Everyone wants the secret formula.

Coaches can emphasize the cliché traits — convert third downs, win the turnover battle and control the line of scrimmage — but that doesn’t mean they’ll lead to a conference title.

What does lead to a conference title? More specific, what leads to a B1G title?

After all, every conference is different. A Big 12 team might be really stout against the run, but that doesn’t do them much good against Air Raid offenses that throw the ball 80 percent of the time.

A B1G team might be rock solid against the pass, but that won’t matter a ton come November when teams are running the ball 60 times because it’s 25 degrees in the Midwest.

So is there a championship identity? That is, are there statistical commonalities in past B1G Championship winners?

If you just thought about commenting “Yeah, every B1G champion scores more points than the other team,” go take a lap. You’re definitely the first person to use that joke.

But if you do want to dig deeper into what a “B1G Championship identity” might look like, sit back, relax and keep reading.

The point of this isn’t to say that every past B1G Championship winner is the same team. That would be silly. Nobody in their right mind would confuse 2016 Penn State with 2015 Michigan State.

But are there certain stats that matter more than others?

I decided to take a handful of stats that coaches seem to stress and try and see if there were was a correlation between past B1G Championship winners. Do all of them average 200 rushing yards per game? Are all of them ranked in the top 10 nationally in turnover margin?

Here the numbers I found for some of those common stats:

CHAMP. SEASON STATS 2011 UW 2012 UW 2013 MSU 2014 OSU 2015 MSU 2016 PSU
Rushing yards per game 236 236 174 265 151 172
1st/2nd team All-B1G QB? Yes No Yes Yes Yes Yes
FBS offense rank 6 59 64 5 60 21
FBS defense rank 13 17 3 26 25 47
FBS turnover margin rank 4 48 10 32 4 64
Second-half scoring differential +163 +55 +140 +147 +32 +199
Record vs. AP top-10 teams 1-1 0-1 2-0 3-0 3-1 2-2
Time of possession share 53.7%  53.7%  55.6% 52.5% 54.8% 46.2%
Point differential in B1G play +196 +98 +150 +163 +98 +142

There are several takeaways from those numbers.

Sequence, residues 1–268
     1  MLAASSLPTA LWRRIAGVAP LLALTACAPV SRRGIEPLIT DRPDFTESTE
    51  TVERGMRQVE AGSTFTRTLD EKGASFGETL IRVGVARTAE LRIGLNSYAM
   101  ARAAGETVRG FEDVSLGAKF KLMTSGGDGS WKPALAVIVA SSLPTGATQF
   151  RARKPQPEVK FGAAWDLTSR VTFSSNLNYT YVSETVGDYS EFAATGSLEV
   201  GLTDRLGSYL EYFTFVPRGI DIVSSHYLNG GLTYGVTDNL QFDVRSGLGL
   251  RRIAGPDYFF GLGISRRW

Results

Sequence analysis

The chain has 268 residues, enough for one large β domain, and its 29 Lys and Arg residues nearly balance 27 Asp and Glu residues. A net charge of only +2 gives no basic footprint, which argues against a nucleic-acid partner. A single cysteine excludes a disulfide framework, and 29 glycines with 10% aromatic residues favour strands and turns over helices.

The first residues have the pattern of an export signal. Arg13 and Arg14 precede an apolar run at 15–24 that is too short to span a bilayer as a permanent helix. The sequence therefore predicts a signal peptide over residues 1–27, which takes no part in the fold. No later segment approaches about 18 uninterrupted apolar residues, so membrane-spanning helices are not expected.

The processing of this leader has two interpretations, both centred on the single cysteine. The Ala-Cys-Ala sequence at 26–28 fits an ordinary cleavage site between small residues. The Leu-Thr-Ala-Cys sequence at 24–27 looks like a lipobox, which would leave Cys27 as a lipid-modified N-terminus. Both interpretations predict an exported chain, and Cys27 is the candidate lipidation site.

First of all, you’ll notice the 2012 Wisconsin team is a bit of an outlier in most of the categories. That, of course, was because that team was a measly 4-4 in conference play but it advanced to the B1G Championship because 12-0 Ohio State and 8-4 Penn State were banned from postseason play.

In other words, 2012 Wisconsin isn’t the best measure of our data. Perhaps that’s why that team was the only B1G champion NOT to have a first- or second-team All-B1G quarterback. Russell Wilson, Connor Cook, J.T. Barrett and Trace McSorley all had breakout years (Cook earned All-B1G twice) in leading their teams to conference titles.

Having an elite quarterback helps pave the road to Indy. Obviously.

The defensive numbers also stood out. Five of the six B1G champs — including 2012 Wisconsin — had defenses that finished in the top 21 percentile nationally. Penn State was the only group that didn’t, but the Lions allowed just 17.8 points per game in their eight-game winning streak that got them to the B1G Championship. That continued pace would’ve ranked in the top 10 in FBS.

The Lions were also the only team on that list that didn’t possess the ball at least 52.5 percent of the time. Maybe that happened because they had a guy that could do this:

But you don’t NEED a superstar tailback like Barkley to win a B1G Championship. Michigan State didn’t have a true feature back in 2015.

Speaking of those 2015 Spartans, they almost had the same identity as the aforementioned 2012 Wisconsin team. They both finished with a +98 point differential in conference play. They won conference games by an average of just 12.25 points.